Tapp's business correspondence (1923-1941) is concerned with the tobacco business. Numerous letters originating in Georgia contain invitations to establish warehouses in that state, prices of tobacco land (1924), and maps of Bright Leaf warehouses already in operation (1927) concerning the auction of Eastern Carolina Warehousing Corporation real estate and warehouses. Other letters describe a farm for sale near Warsaw, N.C. (Feb. 1927), resolutions to be signed by warehousemen of the Eastern Warehouse Association (March, 1927) and the Balance Sheets (August 31, 1938) of the Tobacco Trading Corporation of Louisville, Kentucky.
The earliest correspondence of L.B. Jenkins & Company deals primarily with the Warsaw, N.C. and Harrodsburg, Kentucky, branches. Letters (1921-1922) discuss samples, pooling money among company branches, and balancing of accounts. Also of interest are formal agreements (1927) for Jenkins to supervise bright tobacco purchases made by Edward H. O'Brien and Company of Louisville, Kentucky; a contract proposal (1920) from Philadelphia Drying Machine Company for a "Hurricane" Automatic Combination Machine for drying, cooling, and ordering leaf and strip tobacco; a statement of policy for soil conservation crops; discussions of civil court cases (1939) involving Jenkins; and a statement of the price for coal (1938).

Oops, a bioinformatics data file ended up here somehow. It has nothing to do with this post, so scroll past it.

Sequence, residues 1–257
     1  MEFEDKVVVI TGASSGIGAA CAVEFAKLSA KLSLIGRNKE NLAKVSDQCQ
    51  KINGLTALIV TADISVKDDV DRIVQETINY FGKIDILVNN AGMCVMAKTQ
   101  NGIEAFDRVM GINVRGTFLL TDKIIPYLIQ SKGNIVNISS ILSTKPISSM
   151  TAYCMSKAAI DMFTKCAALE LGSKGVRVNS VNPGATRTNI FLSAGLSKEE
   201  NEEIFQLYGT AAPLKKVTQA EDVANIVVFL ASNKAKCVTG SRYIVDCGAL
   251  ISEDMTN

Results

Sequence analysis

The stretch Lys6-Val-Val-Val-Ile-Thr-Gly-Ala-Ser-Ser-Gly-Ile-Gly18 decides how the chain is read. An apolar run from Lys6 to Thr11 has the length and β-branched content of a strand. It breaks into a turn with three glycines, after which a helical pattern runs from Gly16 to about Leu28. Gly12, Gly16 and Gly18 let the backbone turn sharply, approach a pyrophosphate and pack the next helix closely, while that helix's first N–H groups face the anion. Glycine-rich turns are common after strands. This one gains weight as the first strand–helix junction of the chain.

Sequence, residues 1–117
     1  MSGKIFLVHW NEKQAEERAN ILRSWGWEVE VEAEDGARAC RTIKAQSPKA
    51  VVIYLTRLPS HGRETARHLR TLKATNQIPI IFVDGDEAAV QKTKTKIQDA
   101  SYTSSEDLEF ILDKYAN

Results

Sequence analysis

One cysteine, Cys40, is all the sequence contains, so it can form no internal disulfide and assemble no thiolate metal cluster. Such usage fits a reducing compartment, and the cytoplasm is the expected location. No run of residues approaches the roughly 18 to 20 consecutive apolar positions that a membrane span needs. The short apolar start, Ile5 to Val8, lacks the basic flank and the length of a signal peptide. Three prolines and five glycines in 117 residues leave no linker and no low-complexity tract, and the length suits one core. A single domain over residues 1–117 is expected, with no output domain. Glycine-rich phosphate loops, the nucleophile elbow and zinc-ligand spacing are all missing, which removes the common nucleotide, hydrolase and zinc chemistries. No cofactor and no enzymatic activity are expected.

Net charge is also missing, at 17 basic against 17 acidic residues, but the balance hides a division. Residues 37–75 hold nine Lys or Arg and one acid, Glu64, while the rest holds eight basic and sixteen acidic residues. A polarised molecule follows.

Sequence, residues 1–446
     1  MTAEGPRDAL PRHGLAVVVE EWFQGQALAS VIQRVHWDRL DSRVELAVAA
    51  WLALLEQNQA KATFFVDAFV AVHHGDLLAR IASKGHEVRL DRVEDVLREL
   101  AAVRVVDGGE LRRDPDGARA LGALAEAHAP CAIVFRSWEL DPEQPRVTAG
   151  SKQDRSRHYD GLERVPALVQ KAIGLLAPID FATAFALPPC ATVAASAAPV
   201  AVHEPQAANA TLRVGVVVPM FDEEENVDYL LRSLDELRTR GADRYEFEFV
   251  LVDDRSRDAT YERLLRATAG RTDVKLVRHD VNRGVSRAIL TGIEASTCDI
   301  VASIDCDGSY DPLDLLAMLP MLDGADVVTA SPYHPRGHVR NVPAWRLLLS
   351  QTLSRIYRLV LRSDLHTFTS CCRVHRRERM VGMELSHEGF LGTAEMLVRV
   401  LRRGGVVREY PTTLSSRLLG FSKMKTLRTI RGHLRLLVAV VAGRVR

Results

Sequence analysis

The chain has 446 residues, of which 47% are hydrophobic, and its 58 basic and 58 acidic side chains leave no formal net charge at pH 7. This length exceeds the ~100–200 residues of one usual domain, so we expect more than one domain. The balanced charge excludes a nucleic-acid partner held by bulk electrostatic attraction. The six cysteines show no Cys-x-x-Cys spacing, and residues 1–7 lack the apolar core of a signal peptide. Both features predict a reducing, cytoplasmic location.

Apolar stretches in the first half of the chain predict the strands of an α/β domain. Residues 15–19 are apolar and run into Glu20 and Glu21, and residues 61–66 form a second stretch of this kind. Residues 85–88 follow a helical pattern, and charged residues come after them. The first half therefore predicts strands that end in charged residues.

This collection contains about six and one-half boxes of correspondence between L.B. Jenkins Tobacco Company, Incorporated and foreign tobacco buyers covering the years 1938-1954. These letters reflect to a great degree the post-World War II tobacco business with foreign countries under the Marshall Plan and to a lesser degree the tobacco business in the years immediately prior to and during World War II. Letters from the L.B. Jenkins Co. also reflect the general crop conditions in Eastern North Carolina during the years 1938-1954 as they relate to weather and prices. Much of the correspondence refers to tobacco samples desired, tobacco prices, and shipping instructions.